His alternatives are becoming fewer. Between 2017 and 2021, the nation’s total trade deficit—the difference between the quantity of goods & services it imports & exports was anticipated to be $8.3 billion. Researchers at the Research center for Security Strategy, a research institute connected to South Korea’s National Intelligence Service, estimate that the trade deficit may still be at least $1.9 billion even after accounting for illegal activities like smuggling power generation, selling fishing waters, stealing cryptocurrency, and other similar ones.

To drive citizens to exchange their US dollars for local money, the nation has strictly prohibited their usage in non-state marketplaces. So, according to South Korean intelligence operatives, an unlicensed money trader was put to death for manipulating exchange rates. To put their savings under state control, the government has urged citizens to deposit their money in banks.

Department shops are stocked with imported products, including Rolex & Tissot wristwatches, Sony & Canon digital cameras, Dior and Lancôme cosmetics, and other luxury goods that are prohibited by United Nations sanctions in order to draw shoppers with foreign savings.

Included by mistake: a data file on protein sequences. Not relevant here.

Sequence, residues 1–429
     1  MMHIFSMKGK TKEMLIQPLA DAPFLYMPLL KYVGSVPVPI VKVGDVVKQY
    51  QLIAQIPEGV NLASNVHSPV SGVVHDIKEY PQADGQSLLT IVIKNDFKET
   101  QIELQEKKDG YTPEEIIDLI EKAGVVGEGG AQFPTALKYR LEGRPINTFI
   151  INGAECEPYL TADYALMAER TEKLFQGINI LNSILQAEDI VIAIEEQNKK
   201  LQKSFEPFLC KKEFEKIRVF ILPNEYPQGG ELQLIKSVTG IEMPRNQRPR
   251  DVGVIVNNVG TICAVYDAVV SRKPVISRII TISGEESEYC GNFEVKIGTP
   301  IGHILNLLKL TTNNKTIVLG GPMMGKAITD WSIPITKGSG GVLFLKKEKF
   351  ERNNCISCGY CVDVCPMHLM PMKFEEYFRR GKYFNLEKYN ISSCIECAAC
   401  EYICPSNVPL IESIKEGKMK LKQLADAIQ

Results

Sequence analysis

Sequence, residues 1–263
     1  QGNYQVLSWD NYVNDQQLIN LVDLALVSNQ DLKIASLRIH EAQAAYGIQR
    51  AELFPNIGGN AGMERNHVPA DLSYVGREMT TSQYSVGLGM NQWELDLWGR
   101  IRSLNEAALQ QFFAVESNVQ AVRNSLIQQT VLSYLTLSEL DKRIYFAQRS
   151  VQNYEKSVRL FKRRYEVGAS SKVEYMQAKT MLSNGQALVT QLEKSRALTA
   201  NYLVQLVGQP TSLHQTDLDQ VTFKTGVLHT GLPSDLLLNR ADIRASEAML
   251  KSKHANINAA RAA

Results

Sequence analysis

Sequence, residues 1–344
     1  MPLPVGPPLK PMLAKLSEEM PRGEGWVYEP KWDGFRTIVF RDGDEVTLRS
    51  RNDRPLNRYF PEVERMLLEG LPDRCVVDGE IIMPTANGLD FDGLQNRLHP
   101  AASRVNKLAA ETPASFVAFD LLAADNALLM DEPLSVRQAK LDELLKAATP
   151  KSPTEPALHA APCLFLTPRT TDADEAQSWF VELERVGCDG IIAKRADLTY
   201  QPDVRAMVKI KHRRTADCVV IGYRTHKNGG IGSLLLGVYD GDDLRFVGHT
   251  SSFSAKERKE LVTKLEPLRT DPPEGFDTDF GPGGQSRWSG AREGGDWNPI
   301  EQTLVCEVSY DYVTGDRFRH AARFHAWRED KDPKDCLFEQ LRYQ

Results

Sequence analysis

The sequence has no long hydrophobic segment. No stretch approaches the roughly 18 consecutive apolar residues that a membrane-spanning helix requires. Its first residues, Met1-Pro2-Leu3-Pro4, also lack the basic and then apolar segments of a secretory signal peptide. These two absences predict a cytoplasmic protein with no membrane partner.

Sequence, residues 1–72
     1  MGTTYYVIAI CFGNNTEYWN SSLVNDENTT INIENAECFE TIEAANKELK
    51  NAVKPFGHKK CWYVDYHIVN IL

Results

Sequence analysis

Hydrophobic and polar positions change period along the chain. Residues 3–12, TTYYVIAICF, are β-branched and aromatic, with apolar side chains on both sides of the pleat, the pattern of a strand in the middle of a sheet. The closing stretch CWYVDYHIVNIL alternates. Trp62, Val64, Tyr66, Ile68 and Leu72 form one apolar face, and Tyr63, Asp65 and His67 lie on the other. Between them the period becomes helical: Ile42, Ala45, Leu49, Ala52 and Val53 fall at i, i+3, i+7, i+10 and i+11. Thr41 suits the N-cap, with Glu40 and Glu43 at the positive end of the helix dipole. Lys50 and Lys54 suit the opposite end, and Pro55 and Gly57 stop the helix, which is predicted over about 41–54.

Selling airtime and telephones has become a successful enterprise for Kim’s government. It is estimated that more than one in five North Koreans owns a cellphone.

On sale and promoted on state television are a variety of cell phones that were built in North Korea using parts that were imported from China.

They come pre-installed with dictionaries and government propaganda, but they also provide applications for games and navigation in traffic, including knockoffs of Super Mario & Angry Birds, and even one that claims to use sound to ward off insects.

Edited by Prakriti Arora